• Anand Lal Shimpi - Friday, June 19, 2009 - link

    Thanks guys. I see it this way: Apple set the bar very high with the iPhone, to take a step backwards in anything the iPhone perfected is bound to be disappointing. No visual voicemail? No full system-wide search? Slower app launches and choppier animations? These, in my mind, are unacceptable given that Apple already provided the market with a good blueprint of what to do.

    If Palm didn't force me to give anything up that the iPhone delivered, I would switch in a heartbeat. I either want Palm to perfect the Pre or Apple to adopt Pre-features, I don't really care which one happens, I just want at least one of them to happen :)

    Take care,
  • nycromes - Friday, June 19, 2009 - link

    The article makes more sense when you put it that way. Again, thanks for the great review. It helped me make up my mind on the Pre.
  • Lozil - Friday, June 19, 2009 - link

    Ya, Multitasking, Being cool, Physical keyboard. The Phone just seems Right.

    I don't understand why Anand is so inclined to iPhone..! Even when the Pre is better, You Just doesn't want to agree on that, Just wants Apple to give those Features...

    Man i got confused... It's a Palm Pre Review or iPhone Enhancement Request... :P
  • bigboxes - Friday, June 19, 2009 - link

    Thanks for this timely (and in depth) product review. Sounds like Palm has a lot of optimization to do with the OS before I'd ulitmately consider it for my next phone.

    My quick research shows that this device does not have an expansion slot for memory. Does the Pre allow you to install additional codecs? It supports MP4, H263 and H264, but not the XviD codec. Although I encode my videos using the X264 codec these days, I have a lot of DivX/XviD files in my collection. Does it allow users to assign an mp3 as a ringtone or does it require users to use a specific format? Palm's website lists "Bluetooth tethering" as a feature. Any chance that you tested that out? Speaking of bluetooth, how is this device's performance with other bluetooth devices? The security setup? How is the call quality when using the phone with no headset? The microphone? Does Palm have any plans on upgrading the Pre to a metal housing or even offering one in the near future? I'd also like to see support for MSN IM or maybe offer a Trillian-like app (or something like that).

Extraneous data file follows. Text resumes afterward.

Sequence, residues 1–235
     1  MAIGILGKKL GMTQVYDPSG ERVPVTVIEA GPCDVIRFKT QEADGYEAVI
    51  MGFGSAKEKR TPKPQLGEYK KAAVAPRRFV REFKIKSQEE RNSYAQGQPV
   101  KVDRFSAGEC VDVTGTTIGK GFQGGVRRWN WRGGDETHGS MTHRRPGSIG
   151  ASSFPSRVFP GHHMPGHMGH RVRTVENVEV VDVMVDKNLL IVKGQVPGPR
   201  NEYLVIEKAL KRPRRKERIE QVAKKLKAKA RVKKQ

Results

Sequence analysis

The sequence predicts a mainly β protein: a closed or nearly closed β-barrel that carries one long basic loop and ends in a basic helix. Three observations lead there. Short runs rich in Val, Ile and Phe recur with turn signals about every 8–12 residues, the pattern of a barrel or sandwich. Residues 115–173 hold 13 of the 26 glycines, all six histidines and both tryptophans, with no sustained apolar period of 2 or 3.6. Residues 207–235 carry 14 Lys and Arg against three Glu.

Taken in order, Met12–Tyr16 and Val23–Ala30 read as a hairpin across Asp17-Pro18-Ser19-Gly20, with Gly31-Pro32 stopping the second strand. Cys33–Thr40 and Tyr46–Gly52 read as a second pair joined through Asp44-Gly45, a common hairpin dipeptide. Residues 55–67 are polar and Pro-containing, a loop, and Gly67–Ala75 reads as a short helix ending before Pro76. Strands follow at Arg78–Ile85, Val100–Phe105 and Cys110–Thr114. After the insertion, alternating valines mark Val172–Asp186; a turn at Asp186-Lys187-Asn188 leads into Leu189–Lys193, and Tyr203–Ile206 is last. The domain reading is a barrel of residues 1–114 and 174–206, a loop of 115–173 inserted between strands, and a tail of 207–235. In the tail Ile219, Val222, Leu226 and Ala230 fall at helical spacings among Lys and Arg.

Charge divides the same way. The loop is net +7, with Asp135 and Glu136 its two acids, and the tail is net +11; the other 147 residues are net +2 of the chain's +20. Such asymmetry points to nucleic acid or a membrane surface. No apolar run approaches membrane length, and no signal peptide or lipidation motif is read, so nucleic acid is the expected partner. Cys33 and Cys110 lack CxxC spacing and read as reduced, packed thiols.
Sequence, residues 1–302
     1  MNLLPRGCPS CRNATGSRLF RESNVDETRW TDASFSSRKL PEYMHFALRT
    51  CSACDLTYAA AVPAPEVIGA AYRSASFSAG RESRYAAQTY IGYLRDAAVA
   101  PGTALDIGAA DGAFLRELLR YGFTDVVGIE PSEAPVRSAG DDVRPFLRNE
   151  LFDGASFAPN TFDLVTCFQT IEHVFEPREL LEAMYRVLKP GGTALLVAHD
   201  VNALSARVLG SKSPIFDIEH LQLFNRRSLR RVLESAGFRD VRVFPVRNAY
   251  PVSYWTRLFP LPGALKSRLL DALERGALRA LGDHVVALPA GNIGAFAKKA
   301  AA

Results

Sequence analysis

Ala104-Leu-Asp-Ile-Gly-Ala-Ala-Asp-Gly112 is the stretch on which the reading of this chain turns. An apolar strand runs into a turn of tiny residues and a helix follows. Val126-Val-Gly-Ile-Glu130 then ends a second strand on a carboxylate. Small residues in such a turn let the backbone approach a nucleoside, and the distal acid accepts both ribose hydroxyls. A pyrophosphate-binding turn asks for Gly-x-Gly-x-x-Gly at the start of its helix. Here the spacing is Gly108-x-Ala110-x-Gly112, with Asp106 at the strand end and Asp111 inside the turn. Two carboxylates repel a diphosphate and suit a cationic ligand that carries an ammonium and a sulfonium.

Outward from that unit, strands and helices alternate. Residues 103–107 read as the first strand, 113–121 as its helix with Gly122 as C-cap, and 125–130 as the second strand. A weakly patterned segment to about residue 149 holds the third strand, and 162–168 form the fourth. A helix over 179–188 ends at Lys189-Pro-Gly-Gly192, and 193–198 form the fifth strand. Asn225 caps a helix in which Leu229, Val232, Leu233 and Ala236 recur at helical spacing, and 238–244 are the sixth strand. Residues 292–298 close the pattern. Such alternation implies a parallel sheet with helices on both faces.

• cjb110 - Friday, June 19, 2009 - link

    A lot of the Pre reviews have mentioned the keyboard being ok, but not great. None of them mention the bonus of actually having all of screen space available while you type. Yea the iphone and android's have bigger screens, but so what if you loose half every time the keyboard appears.

  • prophet001 - Friday, June 19, 2009 - link

    absolutely hilarious "dude i just took the biggest poop. wanna see?"
  • strikeback03 - Friday, June 19, 2009 - link

    Didn't he use that in his first iPhone review? Which didn't have picture messaging?
  • Rolphus - Friday, June 19, 2009 - link


    On the browser performance page, I couldn't spot any mention of which version of the iPhone OS you're using for comparison? I've found 3.0 to be much faster, having benefited from the updated WebKit builds including the "Nitro" JS engine and general render speed improvements (I assume the Pre has this build as well). Would you mind clarifying or pointing me toward the answer?

    Many thanks,

  • ltcommanderdata - Friday, June 19, 2009 - link">

    Well the first teardown of the iPhone 3G S seems to confirm that Apple too uses a ARM A8 Cortex SoC with PowerVR SGX as predicted. I wonder if the hardware similarity between the Palm Pre and the new iPhone will put pressure on Apple to implement multitasking. They could argue hardware limitations for the older models, but it's difficult to hold back now that the Pre has shown it can be done well on newer hardware. Sadly, it'll probably be the major new feature of iPhone OS 4.0 next year.

    On a hardware note, I wonder what version of the PowerVR SGX is in the new iPhone. The SGX520 as Anand predicts or the SGX530 as the Palm Pre. I'm guessing the teardown wouldn't be informative on this and we'll have to wait for driver analysis.